The latest version of AS/NZS 4187 released on the 15th December 2014 brought some very significant changes to the previous standard. One of the most significant changes is the standards reference to Product Families.
In my blog "Here's how to make sense of the AS4187 categorisation of instrument product families", I provided an overview of ISO/TS 17665-3:2013 - Sterilization of health care products - Moist heat - Part 3: Guidance on the designation of a medical device to a product family and processing category for steam sterilization.
In today's post I will get into the specifics of how to apply the standard to a dental assessment tray.
Dental Tray Assembly Table
The diagram below shows the makeup of a typical a Dental Assessment Tray. Now, using our downloadable ‘Guide to Product Family Categorisation’, we will set the attributes for each instrument.
From the table above we can deduce an overall description: low weight metal and non-metal instruments supported on a Tray layer in a small perforated plastic tray. Double wrapped.
Materials used comprise both metal and plastic. The dental tray is made from polycarbonate, which has a low thermal conductivity and therefore presents the greatest challenge.
Dental Tray Configuration Matrix
To the right you can see how it looks in our free downloadable matrix:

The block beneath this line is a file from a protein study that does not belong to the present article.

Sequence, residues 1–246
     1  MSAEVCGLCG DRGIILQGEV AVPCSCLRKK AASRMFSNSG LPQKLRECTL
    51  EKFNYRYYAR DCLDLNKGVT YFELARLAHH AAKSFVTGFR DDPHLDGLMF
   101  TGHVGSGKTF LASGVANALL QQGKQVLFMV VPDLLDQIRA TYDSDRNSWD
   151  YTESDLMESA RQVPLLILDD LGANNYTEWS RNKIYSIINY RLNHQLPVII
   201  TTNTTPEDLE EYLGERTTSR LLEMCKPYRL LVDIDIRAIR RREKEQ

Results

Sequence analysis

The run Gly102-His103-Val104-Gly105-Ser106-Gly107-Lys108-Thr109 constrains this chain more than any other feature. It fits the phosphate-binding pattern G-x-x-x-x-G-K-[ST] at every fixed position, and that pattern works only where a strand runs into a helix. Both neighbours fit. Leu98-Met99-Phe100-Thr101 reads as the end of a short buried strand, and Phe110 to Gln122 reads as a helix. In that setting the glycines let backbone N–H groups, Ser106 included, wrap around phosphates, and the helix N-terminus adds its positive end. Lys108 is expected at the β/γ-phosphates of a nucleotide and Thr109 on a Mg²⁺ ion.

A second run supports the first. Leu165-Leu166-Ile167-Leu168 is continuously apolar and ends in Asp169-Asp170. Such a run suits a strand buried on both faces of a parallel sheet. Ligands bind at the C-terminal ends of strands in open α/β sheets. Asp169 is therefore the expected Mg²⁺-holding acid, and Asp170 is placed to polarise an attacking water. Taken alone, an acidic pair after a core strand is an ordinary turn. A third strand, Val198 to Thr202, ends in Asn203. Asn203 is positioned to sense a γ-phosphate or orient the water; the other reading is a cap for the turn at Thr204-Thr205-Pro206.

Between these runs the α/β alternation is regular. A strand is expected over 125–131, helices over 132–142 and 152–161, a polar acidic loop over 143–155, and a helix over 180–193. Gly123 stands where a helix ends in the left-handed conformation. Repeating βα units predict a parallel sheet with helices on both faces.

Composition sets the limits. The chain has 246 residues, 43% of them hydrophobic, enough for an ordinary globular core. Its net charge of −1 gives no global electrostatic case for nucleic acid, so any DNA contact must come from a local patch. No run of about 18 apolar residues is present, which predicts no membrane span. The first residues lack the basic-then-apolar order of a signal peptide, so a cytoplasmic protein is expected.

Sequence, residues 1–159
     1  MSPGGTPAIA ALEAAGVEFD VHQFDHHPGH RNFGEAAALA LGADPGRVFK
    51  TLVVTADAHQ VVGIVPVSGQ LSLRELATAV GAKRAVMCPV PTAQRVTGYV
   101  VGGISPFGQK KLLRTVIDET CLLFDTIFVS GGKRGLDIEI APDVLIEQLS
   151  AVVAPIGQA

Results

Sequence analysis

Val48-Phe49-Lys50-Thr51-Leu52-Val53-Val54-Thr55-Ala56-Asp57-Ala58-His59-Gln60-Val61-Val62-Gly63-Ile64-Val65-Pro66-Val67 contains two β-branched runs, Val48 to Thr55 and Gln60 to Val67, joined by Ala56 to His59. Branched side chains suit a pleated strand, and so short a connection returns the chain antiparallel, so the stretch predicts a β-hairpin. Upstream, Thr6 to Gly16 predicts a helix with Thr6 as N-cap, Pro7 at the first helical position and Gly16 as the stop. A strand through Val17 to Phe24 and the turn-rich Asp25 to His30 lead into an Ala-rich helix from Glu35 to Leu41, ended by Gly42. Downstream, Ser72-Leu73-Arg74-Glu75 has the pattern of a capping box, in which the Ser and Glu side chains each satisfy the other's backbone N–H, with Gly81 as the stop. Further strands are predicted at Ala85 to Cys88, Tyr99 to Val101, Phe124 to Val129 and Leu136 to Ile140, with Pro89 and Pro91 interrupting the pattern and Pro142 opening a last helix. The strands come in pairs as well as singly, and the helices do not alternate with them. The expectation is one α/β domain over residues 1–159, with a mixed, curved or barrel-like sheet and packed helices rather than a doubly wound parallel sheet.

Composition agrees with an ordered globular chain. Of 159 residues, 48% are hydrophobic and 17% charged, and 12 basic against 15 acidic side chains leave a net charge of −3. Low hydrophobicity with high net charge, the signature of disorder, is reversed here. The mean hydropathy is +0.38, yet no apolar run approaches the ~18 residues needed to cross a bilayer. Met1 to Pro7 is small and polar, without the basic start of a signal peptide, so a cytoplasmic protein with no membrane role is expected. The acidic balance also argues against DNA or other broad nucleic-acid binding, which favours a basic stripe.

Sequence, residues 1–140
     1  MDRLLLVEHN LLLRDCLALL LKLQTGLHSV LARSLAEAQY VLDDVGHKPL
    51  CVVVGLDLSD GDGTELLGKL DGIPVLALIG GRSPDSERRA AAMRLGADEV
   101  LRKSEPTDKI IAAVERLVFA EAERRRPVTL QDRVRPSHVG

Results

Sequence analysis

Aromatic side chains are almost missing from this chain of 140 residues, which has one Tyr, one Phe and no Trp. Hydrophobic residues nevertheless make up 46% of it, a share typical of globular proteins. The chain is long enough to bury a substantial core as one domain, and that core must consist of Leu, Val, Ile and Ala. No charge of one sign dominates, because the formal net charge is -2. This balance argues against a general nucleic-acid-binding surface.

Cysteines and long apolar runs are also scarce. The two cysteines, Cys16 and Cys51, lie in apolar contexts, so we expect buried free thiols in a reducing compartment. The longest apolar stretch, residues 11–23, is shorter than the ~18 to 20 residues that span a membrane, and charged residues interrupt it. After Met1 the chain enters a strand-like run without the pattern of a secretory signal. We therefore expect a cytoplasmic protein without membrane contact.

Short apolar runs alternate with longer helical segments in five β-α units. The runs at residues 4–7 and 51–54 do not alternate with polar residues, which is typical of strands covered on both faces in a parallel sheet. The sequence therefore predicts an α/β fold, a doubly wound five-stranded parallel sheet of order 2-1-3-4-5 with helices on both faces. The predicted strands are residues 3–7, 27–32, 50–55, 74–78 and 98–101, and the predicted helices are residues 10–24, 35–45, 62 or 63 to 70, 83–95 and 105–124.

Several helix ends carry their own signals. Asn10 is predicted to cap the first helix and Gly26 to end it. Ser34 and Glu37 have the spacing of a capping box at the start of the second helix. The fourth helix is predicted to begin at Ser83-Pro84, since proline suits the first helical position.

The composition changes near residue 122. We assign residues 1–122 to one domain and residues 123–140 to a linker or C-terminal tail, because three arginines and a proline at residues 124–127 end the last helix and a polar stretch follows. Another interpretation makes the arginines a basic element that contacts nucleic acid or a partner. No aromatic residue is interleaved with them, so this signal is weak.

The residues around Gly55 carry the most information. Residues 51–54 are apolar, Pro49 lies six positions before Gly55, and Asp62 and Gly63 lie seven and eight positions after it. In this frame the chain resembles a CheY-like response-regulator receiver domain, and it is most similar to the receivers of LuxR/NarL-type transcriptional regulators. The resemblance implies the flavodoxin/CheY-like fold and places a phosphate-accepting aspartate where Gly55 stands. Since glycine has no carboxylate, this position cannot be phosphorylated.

Given that we need to select the attributes that pose the greatest challenge to sterilization, the outcome would look like this:
OK, so this is where you are going to need a copy of ISO/TS 17665-3:2013 - Sterilization of health care products - Moist heat - Part 3: Guidance on the designation of a medical device to a product family and processing category for steam sterilization.
Table 6 in the standard provides a matrix which allows you to identify the Product Family and Steam Penetration Resistance. Unfortunately I can’t reproduce the table due to copyright, but I can however show you the results.
So our Dental Assessment Tray has a Steam Penetration Resistance of (e3) and belongs to Product Family #8.
Once you get the hang of it, the surgical instrument categorisation process is straight forward. With the help of the matrix and the examples here and in the standard, you should be able to work it out.
Just remember that the categorisation process is quite subjective and one person may categorise instruments and trays differently to another.
While AS/NZS 4187 may not provide guidance on product families it does state that the method used to classify an RMD into a product family shall be based on similar attributes to those discussed above and should be documented.
It also states that reference should be made to the manufacturer’s instructions.